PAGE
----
I. Straker's Motion to Suppress

Straker was questioned by the FBI on two occasions -- first, on January 9, 2006, shortly after his arrest in Trinidad, and then on July 29, 2007, when he was extradited to the United States. The government has represented that it will seek to admit only the statement from July 29, 2007. Straker contends that suppression of that statement is required under the Fifth and Sixth Amendments based on events that occurred during the first session. Hence, the Court's factual findings cover both interviews.

A. Factual Findings

Straker was arrested by Trinidad police on January 6, 2006, in connection with the April 2005 kidnapping of Balram Maharaj, and taken to the La Horquetta Police Station. See Tr. at 9; Gov't Ex. 5 (station diary extract, entry no. 16).*fn5 The Trinidad police informed him that he was a suspect in their investigation and advised him of his rights under Trinidad law, which include, among other things, the right to remain silent, the right to communicate with a legal representative, relative, or friend, and a caution that the statement may be used against the accused. Tr. at 9-13; see also Gov't Ex. 1 (Trinidad & Tobago Police Service, "Reminder to Law Enforcement Officers Re: Cautions"); Gov't Ex. 2 (Judges' Rules and Administrative Directions to Police, Home Office Circular No. 89/1978) (hereinafter, "Judges' Rules"). Straker was interviewed by Constable Abraham on January 6 and then by Sergeant Lucas on January 7, each time denying knowledge of the kidnapping or killing. Gov't Ex. 3 (interview notes dated Jan. 6, 2006), Gov't Ex. 4 (interview notes dated Jan. 7, 2006). He was advised of his rights under Trinidad law on each occasion. Tr. at 10-13. Straker was asked to sign the officers' interview notes, but declined. Id. at 55-56. Straker met with his attorney, Theodore Guerra, the next day, January 8, at the La Horquetta station for about a half hour, and he instructed Straker not to sign any documents or speak to anyone. Guerra Affidavit ¶ 3; Tr. at 16.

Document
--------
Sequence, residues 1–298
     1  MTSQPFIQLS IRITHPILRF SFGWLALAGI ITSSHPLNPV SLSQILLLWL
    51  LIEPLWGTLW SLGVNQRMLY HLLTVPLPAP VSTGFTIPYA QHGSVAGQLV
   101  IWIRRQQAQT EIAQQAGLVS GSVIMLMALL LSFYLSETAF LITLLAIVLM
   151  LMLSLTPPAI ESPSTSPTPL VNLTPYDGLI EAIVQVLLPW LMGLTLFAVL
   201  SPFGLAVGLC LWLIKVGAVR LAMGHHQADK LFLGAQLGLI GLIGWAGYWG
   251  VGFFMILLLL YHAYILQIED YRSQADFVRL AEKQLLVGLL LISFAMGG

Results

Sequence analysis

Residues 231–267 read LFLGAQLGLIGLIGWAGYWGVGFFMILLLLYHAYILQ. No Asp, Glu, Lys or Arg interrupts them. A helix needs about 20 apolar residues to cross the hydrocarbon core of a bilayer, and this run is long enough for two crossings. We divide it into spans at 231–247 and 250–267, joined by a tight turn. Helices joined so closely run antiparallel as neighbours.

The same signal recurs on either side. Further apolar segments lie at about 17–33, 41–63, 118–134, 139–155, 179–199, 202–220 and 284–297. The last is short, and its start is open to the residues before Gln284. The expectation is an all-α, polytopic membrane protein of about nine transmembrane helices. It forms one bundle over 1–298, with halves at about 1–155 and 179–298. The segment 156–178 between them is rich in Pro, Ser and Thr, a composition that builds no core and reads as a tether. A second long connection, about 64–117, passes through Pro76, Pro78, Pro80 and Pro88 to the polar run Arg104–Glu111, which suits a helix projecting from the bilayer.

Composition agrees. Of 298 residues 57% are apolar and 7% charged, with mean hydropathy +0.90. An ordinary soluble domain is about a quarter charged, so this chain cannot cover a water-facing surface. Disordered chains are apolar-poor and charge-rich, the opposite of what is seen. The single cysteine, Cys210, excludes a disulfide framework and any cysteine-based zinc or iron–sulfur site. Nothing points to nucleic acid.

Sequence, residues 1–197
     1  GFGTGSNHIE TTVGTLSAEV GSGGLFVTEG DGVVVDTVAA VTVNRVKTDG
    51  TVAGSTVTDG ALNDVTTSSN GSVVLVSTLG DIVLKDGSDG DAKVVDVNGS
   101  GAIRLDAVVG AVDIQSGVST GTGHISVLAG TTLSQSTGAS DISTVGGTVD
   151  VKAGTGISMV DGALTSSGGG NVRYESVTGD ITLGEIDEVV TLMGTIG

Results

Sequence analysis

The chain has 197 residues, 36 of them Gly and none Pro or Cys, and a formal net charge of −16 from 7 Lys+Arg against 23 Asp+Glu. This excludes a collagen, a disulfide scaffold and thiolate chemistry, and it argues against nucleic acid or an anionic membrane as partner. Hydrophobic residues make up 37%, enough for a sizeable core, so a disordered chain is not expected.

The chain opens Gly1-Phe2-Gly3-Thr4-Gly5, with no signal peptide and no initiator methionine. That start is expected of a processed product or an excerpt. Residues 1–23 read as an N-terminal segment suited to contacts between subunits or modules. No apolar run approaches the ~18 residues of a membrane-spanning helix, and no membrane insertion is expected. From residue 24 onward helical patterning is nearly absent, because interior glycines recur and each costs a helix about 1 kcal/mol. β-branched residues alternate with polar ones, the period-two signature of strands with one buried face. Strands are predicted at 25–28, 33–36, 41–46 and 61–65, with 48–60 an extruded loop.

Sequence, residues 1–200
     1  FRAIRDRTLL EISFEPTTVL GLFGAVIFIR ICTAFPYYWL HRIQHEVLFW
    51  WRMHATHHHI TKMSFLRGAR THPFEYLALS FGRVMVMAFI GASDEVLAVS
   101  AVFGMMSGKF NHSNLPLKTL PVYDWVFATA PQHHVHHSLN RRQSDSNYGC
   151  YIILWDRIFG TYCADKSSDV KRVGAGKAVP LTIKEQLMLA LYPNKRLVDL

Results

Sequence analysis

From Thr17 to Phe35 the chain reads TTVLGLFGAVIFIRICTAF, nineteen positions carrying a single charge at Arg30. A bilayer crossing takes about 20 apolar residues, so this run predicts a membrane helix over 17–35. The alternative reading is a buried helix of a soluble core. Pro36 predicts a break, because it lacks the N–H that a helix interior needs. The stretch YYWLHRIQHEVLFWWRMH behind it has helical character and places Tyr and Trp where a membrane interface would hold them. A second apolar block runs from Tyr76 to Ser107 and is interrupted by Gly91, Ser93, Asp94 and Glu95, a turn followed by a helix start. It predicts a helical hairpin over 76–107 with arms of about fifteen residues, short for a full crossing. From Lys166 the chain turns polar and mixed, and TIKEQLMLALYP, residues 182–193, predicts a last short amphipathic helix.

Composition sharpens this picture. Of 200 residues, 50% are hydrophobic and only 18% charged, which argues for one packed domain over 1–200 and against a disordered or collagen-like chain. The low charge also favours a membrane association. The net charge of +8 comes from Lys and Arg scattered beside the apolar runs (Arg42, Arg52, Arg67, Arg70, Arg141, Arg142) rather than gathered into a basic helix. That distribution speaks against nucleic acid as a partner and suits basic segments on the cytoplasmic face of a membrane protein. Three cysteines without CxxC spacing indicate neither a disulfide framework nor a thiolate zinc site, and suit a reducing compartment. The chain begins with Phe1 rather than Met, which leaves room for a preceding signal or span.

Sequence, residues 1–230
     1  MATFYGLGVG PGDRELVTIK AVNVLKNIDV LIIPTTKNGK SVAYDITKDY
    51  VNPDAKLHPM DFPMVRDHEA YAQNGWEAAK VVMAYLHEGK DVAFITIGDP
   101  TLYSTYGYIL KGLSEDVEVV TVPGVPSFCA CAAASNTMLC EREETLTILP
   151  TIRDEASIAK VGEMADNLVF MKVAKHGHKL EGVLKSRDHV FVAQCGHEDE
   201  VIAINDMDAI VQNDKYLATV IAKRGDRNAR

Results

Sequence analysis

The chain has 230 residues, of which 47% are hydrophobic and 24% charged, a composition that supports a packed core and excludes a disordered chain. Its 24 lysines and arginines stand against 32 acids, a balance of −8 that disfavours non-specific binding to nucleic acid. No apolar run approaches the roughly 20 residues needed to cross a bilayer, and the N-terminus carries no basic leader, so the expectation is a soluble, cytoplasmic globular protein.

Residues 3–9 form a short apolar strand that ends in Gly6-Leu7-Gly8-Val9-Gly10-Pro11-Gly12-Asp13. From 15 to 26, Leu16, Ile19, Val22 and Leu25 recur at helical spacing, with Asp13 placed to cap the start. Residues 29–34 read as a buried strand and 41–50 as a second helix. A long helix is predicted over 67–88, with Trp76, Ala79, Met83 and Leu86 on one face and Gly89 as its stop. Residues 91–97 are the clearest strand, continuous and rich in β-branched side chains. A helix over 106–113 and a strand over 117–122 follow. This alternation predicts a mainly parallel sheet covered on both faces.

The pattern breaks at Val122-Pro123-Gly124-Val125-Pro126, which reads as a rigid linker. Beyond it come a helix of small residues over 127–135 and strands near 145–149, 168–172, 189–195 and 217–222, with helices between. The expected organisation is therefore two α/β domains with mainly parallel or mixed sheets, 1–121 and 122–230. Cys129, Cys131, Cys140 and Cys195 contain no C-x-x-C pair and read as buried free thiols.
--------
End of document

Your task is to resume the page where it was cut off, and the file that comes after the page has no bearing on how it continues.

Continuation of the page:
Sergeant Lucas informed Clauss on January 9 that the Trinidad police had taken custody of Straker, and Clauss then requested an opportunity to interview Straker. Tr. at 49-50. Lucas agreed, seeing nothing objectionable because the FBI was conducting a parallel investigation and Trinidad law allows police to question suspects without their attorneys present. Id. at 50-55. Additionally, the investigation had entered a high, fast-paced operational status, with Maharaj's dismembered remains having been discovered the day before. Id. at 89.

At approximately 7:55 p.m. on January 9, the Trinidad police brought Straker up from the holding cell in La Horquetta station, where he had been held since his arrest. Id. at 86; Gov't Ex. 5 (station diary extract, entry no. 93). On the day of the interview, Straker was provided two meals -- a lunch of black-eyed peas pelau (stew) with salad, and a dinner of bread, peanut butter, and orange juice, both of which he accepted. Gov't Ex. 5 (station diary extract, entry no. 55). He was taken to a room on the second floor by Lucas and seated on one side of a rectangular table measuring about five feet long and three feet wide, with Lucas and three FBI officers -- Clauss, Cruz, and Freeman -- on the other side. Tr. at 85-86. No weapons were exposed -- in fact, Clauss and Cruz lacked the authority to carry weapons in Trinidad and, hence were unarmed.*fn6 Id. at 56, 128. The testimony was conflicting on whether Straker was handcuffed during the interview, but weighing both Clauss's and Lucas's testimony -- Lucas recalling that Straker was cuffed, Clauss certain that he was not*fn7 -- it is likely that Straker was in handcuffs when Lucas brought him up from the holding cell, but was then uncuffed at some point during the interview. See id. at 56, 129, 201-02.